3. We are not so foolish to think that Christian housing will cause everyone on the sex offender list to change. Mankind has been given free will, within certain limits, and many people continue to choose to do whatever they want to do. But when an offender lives with a Christian group of people, their actions become known. Is a person drawn to pornography, risque videos and provocatively dressed people? Do they disappear at odd hours and either refuse to talk about where they went or give stories that prove to be false? When offenders are living on their own, nobody asks these questions. But when they live in a Christian environment, a caring person will ask these questions—hoping the person will mend their ways, or require them to leave the area. When PABC has decided to ask a Guest to leave for these kinds of suspicious but non-criminal offenses, it usually makes a call to law enforcement. About a third of those Guests end up in Jail within the next few months.
  4. Strange as it may sound, some sex offenders fail to follow their legal registration requirements or other probation conditions, even though their Christian hosts told them they will be watching them. If offenders are willing to violate procedural laws that could send them back to incarceration, would not they also be willing to violate sex crime laws again? Probably so. These are dangerous people. Just as Christ forgave repentant sinners yet condemned those who insisted on remaining evil, so the Christian must encourage the repentant sinner but also testify against those who want to continue in sex offenses. PABC has done this in the past, and its Off-Campus Housing Ministry will do it in the future.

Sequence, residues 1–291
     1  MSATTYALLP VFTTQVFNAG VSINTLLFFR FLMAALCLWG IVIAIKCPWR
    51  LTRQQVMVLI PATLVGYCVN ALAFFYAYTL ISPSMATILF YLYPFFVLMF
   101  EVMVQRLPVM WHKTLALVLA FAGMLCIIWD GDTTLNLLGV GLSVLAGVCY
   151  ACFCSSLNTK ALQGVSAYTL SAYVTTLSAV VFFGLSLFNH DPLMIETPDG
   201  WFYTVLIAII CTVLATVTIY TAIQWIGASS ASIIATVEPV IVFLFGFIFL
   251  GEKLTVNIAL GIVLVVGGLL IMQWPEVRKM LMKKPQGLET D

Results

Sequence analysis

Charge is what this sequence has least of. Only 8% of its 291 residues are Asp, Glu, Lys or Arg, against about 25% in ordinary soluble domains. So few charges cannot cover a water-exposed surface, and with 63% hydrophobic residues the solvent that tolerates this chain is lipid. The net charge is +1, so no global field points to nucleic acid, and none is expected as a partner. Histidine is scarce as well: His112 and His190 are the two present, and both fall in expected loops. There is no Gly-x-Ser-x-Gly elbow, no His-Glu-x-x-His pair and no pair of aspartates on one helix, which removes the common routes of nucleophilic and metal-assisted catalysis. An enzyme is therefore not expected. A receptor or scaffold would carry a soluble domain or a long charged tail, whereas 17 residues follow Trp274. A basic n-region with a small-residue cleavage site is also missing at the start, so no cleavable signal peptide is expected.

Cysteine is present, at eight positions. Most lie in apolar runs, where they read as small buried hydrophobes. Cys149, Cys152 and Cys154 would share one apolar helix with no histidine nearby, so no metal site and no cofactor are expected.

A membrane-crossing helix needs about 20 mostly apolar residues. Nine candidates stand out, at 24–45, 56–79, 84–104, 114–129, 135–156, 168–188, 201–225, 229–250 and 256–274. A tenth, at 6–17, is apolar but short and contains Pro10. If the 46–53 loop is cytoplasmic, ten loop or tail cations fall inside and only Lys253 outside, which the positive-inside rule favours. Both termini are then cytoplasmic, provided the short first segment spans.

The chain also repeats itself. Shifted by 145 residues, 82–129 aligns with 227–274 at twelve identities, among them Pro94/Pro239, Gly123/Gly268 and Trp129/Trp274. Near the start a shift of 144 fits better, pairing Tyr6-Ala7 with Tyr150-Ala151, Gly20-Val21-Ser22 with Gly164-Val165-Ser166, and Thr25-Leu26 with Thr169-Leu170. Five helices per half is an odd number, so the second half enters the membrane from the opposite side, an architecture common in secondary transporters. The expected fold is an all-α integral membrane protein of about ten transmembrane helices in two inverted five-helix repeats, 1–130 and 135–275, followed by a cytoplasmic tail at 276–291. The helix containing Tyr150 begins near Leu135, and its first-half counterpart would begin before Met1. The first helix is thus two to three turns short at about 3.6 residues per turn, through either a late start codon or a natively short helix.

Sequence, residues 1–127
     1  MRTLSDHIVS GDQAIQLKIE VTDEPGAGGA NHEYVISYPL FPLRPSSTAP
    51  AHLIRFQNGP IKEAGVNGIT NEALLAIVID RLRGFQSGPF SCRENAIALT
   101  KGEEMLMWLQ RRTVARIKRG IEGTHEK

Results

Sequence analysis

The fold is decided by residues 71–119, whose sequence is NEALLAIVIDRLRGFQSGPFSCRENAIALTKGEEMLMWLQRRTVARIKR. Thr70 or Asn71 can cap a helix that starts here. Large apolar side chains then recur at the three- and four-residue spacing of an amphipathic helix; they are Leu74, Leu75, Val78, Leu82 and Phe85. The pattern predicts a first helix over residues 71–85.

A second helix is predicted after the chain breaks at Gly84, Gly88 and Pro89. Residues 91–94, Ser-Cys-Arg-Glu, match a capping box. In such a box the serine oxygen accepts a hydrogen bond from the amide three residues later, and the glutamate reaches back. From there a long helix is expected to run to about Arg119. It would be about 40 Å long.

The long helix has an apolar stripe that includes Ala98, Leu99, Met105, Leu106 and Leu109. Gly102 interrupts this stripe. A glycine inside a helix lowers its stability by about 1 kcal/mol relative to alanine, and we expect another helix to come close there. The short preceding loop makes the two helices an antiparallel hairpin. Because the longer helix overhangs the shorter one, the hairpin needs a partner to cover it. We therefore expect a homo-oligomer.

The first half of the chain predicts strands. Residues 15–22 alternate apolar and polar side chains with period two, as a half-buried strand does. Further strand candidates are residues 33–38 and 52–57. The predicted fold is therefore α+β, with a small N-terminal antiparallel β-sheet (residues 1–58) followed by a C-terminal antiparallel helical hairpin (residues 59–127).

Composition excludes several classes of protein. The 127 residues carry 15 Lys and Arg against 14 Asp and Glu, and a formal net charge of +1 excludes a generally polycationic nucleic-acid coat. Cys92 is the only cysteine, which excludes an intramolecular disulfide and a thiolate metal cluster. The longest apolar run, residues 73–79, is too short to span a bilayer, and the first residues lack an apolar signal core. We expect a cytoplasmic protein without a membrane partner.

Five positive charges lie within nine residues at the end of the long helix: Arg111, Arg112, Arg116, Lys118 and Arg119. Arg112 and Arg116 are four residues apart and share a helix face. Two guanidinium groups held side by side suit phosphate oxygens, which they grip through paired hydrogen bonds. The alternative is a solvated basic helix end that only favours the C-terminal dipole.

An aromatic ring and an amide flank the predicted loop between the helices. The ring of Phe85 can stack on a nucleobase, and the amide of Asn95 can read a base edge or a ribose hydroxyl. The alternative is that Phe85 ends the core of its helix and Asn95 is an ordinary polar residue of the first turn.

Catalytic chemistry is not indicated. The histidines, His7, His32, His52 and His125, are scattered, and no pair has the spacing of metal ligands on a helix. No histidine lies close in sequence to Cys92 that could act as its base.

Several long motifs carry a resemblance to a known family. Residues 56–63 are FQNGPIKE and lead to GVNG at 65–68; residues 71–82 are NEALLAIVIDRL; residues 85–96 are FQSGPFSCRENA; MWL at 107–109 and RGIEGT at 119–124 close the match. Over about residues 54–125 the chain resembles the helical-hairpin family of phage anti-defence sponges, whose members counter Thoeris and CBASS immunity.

PABC Off Campus Housing Ministry

The PABC Off Campus Housing Ministry is just like what it sounds—ministerial-directed housing for people off of the PABC campus. It has many other purposes, but housing cooperative sex offenders is one purpose, as the children on the PABC campus render it impossible to effectively serve both populations at the same place. It is not good to have homeless sex offenders walking the streets or to have them live in places that encourage illegal activity. Therefore, PABC is including them in its Off Campus Housing Ministry

  1. PABC will ask those who are taking part in its Off Campus Housing Ministry if they are willing to accept registered sex offenders. While most probably will not, a few probably will. Because the program keeps names and locations strictly confidential, there will not be trouble with neighbors trying to stop them from serving in this ministry before they even get started. Once an offender moves in, anyone can check the registry to know that they are there—just as they can check when one rents a nearby house or apartment. Efforts to stop an offender from living where they can lawfully live are illegal and are likely to do more harm than good.
  2. PABC will help Hosts evaluate whether they can accept offenders or not. If they have children living at home, or if they are too close to schools, parks, playgrounds, etc., they may not be able to participate in the program at all. Many Hosts will want to accept only a certain gender or age of person.
  3. PABC will accept letters, phone calls and e-mails from offenders and let them know if there are any potential Hosts. If so, PABC will arrange for and participate in interviews with the potential Hosts, either at the Host’s home or some neutral location.
  4. PABC will also provide a sample set of rules from its own experience, which the Host may adopt as necessary. PABC has successfully treated those it serves as “guests”, as opposed to “tenants”, which makes it much easier to get them to leave on short notice.